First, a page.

The provisions of the migratory bird Act and the wildlife conservation Act should be recognized as exactly what they are and what they are about. Fundamentally the route to a license means business for the veterinarians; but when there is no money in it, pigeons for example, there is also no interest in it either. Let each of us be guided by our conscience and act accordingly; we have hung people and executed people for their failure to do so in other contexts.
 

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I have little doubt there are some fine decent people who become rehabbers with nothing more than an interest in helping wild birds. However I can not recount the number of times people have told me they have taken injured or sick birds to a certain well known rehabber here in the Chicago area just to be told it would have to be put down. Of course they end up wondering why they went to all the time and trouble in the first place.Those decisions may or may not have been justified by the condition of the bird, but unquestionably the economics of treating that bird appear to play a major role in the decision making, and when making money comes into the picture, for good or for evil, the rules of the game change. Yes they are all supposed to be charitable non-profit organizations, but some I notice are more non-profit than others. The truly unprofitable are usually more concerned with the bird's welfare than disposing of a case.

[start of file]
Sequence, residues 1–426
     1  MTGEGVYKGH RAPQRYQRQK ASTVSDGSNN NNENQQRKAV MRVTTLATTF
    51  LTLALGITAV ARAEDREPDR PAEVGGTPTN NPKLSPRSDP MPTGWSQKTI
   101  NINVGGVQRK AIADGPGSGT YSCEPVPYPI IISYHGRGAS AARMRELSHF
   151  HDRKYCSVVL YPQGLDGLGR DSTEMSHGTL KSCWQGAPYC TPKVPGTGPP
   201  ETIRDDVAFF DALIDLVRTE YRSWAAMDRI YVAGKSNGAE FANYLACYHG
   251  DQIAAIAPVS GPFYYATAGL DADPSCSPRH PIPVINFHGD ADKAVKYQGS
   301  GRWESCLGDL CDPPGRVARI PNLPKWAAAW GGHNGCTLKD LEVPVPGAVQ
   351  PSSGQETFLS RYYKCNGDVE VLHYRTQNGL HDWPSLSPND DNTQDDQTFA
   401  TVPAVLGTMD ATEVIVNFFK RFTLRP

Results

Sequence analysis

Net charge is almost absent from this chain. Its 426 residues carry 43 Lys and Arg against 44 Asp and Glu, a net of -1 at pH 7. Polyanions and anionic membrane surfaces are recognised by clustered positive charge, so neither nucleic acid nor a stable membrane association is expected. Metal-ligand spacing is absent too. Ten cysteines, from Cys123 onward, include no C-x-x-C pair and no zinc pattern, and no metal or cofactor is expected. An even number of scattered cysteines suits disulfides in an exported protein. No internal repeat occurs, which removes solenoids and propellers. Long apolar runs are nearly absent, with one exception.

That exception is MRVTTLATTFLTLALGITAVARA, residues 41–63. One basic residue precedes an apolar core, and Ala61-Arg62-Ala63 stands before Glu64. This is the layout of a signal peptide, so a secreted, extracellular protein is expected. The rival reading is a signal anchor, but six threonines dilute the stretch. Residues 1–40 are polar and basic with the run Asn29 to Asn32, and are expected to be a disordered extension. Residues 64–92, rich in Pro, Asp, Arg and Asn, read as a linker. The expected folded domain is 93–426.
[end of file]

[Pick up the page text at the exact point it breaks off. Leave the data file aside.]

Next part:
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I`m a rehabber that struggles with funding,but I always find a way to provide the songbirds my best expertise and medical care.One problem I often have(and have right now) is what to do with unreleasable Mourning doves.Although I have sent many songbirds to AZA-accredited zoos,they don`t want mourning doves.It is a difficult choice for me to make to euthanize a bird,but since F&W will only allow me to rehab a bird for 5 months,I have to either find placement or euthanize.This could be why those places that PTS do this.